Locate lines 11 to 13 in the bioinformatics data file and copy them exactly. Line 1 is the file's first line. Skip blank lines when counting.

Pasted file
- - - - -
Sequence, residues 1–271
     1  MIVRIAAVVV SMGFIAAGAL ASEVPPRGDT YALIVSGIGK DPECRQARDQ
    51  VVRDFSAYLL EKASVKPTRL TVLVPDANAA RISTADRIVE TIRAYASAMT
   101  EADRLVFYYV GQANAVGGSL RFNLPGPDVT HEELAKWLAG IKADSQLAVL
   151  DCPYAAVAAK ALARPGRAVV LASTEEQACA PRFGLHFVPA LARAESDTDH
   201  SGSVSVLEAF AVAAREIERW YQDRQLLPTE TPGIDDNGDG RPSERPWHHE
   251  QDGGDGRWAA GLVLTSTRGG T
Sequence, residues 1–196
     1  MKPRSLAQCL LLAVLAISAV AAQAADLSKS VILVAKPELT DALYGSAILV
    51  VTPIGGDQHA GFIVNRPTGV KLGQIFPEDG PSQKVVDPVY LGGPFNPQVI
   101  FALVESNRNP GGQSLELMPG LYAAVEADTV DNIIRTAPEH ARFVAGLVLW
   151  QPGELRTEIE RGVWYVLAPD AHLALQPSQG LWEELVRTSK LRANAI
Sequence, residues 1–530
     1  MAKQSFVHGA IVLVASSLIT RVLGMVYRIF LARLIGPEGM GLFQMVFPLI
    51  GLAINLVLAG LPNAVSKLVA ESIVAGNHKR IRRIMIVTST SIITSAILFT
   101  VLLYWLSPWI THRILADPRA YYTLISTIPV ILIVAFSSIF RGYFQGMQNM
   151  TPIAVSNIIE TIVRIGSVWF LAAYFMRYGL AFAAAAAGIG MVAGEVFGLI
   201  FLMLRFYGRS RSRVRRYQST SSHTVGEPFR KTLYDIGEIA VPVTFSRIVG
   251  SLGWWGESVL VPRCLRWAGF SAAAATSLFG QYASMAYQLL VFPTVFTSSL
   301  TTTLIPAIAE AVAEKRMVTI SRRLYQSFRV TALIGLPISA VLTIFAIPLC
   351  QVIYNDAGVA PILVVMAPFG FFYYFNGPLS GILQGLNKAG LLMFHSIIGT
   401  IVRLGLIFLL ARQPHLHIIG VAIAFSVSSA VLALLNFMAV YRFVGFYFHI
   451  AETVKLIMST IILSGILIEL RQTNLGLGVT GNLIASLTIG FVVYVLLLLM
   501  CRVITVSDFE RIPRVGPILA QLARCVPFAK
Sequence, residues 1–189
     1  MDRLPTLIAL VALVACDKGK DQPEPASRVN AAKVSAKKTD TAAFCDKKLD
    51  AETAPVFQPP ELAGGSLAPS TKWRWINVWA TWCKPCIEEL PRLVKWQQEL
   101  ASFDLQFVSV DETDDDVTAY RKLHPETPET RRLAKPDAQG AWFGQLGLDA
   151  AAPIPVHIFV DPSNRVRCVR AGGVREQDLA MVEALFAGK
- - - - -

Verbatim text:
   101  FALVESNRNP GGQSLELMPG LYAAVEADTV DNIIRTAPEH ARFVAGLVLW
   151  QPGELRTEIE RGVWYVLAPD AHLALQPSQG LWEELVRTSK LRANAI
Sequence, residues 1–530